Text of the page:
Wednesday, September 30, 2009

Arch's suggestions on how clinicians can best partner with patients

Arch M, a wise and spunky 86 year old physician contiributor to the mpdchat group that I belong to, posted the following suggestions for clinicians on how to develop partnerships with patients (please note - I took the liberty of editing these a bit):

"Patients as partners ...a half dozen things patients expect that I learned at the bedside down through the years and not from the library and lecture room.

1. Treat patients and their families as social equals.

2. Never stand in the doorway to talk. Sit on a chair never on the side of the bed and always sit even if only for a microsecond. Look at the chart, but always do a bit of physical examination.

3. Be an advocate not an adversary, Discuss things that concern the > patient, don't relate the doc's doings. Explain, Explain, Explain and then Explain some more.

4. Make sure that the patient understands what your are doing for them.

5. Listen! Pay attention! Show concern! as if the patient is your brother or sister.

6. Say "don't know" if don't know. Don't hide our failures, share them openly. "

These are fabulous suggestions and fit with what I have learned from "experts" in the field of clinician-patient communication. During my career as a teacher of communication skills, I have been exposed to a many models that have attempted to capture the key ingredients for effective communication. Arch's list is as good as any!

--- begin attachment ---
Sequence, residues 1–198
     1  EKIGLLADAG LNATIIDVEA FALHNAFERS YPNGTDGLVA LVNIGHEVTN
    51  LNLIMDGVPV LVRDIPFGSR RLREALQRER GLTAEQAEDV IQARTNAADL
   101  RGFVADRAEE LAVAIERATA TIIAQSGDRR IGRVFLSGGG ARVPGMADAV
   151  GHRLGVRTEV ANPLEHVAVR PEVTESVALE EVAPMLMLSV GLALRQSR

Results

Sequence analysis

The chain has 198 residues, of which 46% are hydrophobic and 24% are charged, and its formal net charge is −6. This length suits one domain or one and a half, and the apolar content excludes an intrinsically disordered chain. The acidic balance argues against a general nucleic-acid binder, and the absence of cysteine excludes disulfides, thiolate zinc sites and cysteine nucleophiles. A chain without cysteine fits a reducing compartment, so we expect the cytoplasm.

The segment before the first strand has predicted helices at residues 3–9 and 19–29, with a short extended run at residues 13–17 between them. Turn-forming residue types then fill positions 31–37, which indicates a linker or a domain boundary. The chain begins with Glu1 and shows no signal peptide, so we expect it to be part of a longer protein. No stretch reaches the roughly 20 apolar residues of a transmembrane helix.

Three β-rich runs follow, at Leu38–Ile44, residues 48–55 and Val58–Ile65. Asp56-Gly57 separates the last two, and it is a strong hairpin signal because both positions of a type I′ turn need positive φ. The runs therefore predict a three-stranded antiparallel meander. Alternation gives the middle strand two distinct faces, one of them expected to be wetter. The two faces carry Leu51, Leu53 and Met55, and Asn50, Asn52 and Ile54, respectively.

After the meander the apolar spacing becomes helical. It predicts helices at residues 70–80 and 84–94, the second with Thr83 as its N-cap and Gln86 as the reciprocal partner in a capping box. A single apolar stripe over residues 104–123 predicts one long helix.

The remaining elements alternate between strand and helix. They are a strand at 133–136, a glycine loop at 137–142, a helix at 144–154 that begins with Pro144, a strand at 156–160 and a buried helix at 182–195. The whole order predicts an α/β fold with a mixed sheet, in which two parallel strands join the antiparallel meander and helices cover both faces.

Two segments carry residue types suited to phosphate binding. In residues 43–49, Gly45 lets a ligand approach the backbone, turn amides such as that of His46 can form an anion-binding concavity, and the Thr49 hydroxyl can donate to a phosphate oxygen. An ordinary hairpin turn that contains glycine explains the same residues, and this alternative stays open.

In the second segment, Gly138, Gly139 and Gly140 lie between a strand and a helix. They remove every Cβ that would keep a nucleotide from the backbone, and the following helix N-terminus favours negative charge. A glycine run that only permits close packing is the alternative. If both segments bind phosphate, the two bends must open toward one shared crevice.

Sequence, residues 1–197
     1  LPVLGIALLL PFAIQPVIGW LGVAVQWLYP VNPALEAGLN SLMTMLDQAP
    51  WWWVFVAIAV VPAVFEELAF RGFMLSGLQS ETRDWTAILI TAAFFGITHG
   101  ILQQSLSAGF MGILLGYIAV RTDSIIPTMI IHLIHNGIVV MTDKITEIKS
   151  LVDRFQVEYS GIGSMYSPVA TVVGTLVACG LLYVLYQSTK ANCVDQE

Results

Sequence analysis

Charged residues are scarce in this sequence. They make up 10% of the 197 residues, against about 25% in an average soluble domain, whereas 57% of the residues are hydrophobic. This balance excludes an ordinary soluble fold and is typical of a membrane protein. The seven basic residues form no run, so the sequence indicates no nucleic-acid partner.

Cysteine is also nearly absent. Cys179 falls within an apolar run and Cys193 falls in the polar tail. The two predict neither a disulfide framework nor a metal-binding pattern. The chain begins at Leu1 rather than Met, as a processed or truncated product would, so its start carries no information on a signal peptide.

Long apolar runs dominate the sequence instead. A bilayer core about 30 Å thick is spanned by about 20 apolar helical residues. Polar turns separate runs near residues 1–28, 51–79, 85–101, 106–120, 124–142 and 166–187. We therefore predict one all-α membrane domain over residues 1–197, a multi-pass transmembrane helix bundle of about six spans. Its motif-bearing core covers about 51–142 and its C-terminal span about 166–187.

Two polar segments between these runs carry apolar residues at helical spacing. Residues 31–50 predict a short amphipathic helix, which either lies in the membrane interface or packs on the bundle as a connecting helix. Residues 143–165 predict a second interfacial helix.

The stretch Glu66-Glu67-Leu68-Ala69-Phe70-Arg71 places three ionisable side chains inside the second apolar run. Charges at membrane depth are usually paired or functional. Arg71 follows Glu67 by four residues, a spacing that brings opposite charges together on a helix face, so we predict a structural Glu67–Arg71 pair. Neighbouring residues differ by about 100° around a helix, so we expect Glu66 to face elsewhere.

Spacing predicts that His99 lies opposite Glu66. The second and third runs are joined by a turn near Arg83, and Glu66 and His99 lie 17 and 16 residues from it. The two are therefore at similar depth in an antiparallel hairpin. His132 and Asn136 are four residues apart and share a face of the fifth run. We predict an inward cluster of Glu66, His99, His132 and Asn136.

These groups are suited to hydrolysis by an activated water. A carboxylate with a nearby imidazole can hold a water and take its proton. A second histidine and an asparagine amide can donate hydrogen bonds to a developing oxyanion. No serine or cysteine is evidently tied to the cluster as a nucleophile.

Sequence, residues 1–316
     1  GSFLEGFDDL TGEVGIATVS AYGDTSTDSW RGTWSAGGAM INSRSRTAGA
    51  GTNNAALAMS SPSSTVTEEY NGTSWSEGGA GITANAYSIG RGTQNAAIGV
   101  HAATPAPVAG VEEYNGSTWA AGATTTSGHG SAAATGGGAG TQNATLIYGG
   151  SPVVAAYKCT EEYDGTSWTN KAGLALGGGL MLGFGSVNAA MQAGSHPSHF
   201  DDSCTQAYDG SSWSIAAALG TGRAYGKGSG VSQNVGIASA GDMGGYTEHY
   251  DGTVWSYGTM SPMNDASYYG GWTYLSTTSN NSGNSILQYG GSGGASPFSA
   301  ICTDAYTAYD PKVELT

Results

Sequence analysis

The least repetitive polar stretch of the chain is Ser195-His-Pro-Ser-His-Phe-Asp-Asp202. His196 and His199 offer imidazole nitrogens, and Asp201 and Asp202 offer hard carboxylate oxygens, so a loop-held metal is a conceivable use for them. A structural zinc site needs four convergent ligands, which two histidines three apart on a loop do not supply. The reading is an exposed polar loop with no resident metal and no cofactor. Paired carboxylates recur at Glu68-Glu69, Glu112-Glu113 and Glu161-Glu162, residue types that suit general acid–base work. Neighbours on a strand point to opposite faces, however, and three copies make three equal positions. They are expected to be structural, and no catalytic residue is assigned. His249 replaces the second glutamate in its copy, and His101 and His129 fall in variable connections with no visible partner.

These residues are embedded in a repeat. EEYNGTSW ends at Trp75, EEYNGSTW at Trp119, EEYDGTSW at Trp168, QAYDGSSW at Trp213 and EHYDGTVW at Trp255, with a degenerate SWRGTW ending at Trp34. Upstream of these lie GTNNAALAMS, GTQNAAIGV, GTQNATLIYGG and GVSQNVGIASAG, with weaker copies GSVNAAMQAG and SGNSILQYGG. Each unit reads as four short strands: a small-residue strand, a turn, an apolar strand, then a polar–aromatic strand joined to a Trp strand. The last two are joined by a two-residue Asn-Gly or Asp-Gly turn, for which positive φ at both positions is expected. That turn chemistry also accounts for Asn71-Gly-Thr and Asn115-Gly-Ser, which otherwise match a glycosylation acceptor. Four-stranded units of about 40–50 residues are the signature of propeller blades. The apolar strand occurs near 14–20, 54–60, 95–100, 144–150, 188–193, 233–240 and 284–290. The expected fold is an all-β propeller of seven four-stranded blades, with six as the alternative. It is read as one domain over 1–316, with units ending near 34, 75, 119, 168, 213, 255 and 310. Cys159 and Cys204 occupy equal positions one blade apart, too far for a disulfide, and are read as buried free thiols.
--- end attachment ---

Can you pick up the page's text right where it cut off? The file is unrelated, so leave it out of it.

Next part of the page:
What is interesting about Arch's "Satisfying Six" suggestions - is that the list contains many of the behaviors that have been shown in research studies to be associated with both patient satisfaction and therapeutic outcome!

After thinking about it, and comparing Arch's list with other lists that I have used in my teaching, here are a few other ideas for enhancing patient satisfaction, and improving the quality and outcomes of care:

- Explore the patient's agenda - ask what is most important for them to accomplish during a visit (helps to start out with this step!) Then of course, the clinician needs to give adequate time to meet the patient's agenda!

- Listen with empathy (This is just another way of stating what Arch wrote in #5 when he said "Listen" and "Show concern"). Being empathic and includes letting the person know that you are trying to understand their feelings and concerns by reflecting back the patients emotions.

- Take the time to check to for understanding. Explaining is necessary, but sometimes insufficient, to insure patient understanding, especially when there is a lot to share, and/or the patient is ill or upset

- Respect patient autonomy - offer options, share control, accept the patient's choice, even when you don't fully agree

- Create a safety net - make clear follow-up plans , refer to resources, offer multiple ways to get help

- Link patients to other patient - know about advocacy and support organizations, like mpdchat!!!

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